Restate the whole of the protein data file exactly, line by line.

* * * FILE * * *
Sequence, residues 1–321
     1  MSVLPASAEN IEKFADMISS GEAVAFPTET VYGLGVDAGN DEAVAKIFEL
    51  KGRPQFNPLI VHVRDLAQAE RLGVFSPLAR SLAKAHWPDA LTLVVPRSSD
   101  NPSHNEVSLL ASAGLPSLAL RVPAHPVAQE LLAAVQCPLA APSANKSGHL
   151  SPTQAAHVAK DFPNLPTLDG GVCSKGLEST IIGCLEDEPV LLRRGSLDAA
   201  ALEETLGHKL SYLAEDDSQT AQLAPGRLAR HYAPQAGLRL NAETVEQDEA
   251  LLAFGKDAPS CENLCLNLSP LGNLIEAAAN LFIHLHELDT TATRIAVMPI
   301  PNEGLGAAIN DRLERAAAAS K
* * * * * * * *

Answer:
Sequence, residues 1–321
     1  MSVLPASAEN IEKFADMISS GEAVAFPTET VYGLGVDAGN DEAVAKIFEL
    51  KGRPQFNPLI VHVRDLAQAE RLGVFSPLAR SLAKAHWPDA LTLVVPRSSD
   101  NPSHNEVSLL ASAGLPSLAL RVPAHPVAQE LLAAVQCPLA APSANKSGHL
   151  SPTQAAHVAK DFPNLPTLDG GVCSKGLEST IIGCLEDEPV LLRRGSLDAA
   201  ALEETLGHKL SYLAEDDSQT AQLAPGRLAR HYAPQAGLRL NAETVEQDEA
   251  LLAFGKDAPS CENLCLNLSP LGNLIEAAAN LFIHLHELDT TATRIAVMPI
   301  PNEGLGAAIN DRLERAAAAS K